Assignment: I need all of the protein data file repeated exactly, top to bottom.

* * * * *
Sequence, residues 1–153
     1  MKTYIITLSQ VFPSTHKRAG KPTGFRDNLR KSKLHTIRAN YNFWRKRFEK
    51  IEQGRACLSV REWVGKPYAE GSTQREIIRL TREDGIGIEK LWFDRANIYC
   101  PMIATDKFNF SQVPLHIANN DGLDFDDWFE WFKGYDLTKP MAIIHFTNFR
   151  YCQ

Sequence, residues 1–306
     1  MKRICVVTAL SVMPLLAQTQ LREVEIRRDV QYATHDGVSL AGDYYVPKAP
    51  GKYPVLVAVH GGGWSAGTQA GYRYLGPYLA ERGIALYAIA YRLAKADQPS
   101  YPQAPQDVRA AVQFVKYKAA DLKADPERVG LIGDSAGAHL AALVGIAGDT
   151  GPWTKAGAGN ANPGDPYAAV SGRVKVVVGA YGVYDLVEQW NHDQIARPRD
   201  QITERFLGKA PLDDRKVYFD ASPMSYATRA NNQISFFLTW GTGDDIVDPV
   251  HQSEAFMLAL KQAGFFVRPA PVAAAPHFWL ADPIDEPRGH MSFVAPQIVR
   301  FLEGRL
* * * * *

Sequence, residues 1–153
     1  MKTYIITLSQ VFPSTHKRAG KPTGFRDNLR KSKLHTIRAN YNFWRKRFEK
    51  IEQGRACLSV REWVGKPYAE GSTQREIIRL TREDGIGIEK LWFDRANIYC
   101  PMIATDKFNF SQVPLHIANN DGLDFDDWFE WFKGYDLTKP MAIIHFTNFR
   151  YCQ

Sequence, residues 1–306
     1  MKRICVVTAL SVMPLLAQTQ LREVEIRRDV QYATHDGVSL AGDYYVPKAP
    51  GKYPVLVAVH GGGWSAGTQA GYRYLGPYLA ERGIALYAIA YRLAKADQPS
   101  YPQAPQDVRA AVQFVKYKAA DLKADPERVG LIGDSAGAHL AALVGIAGDT
   151  GPWTKAGAGN ANPGDPYAAV SGRVKVVVGA YGVYDLVEQW NHDQIARPRD
   201  QITERFLGKA PLDDRKVYFD ASPMSYATRA NNQISFFLTW GTGDDIVDPV
   251  HQSEAFMLAL KQAGFFVRPA PVAAAPHFWL ADPIDEPRGH MSFVAPQIVR
   301  FLEGRL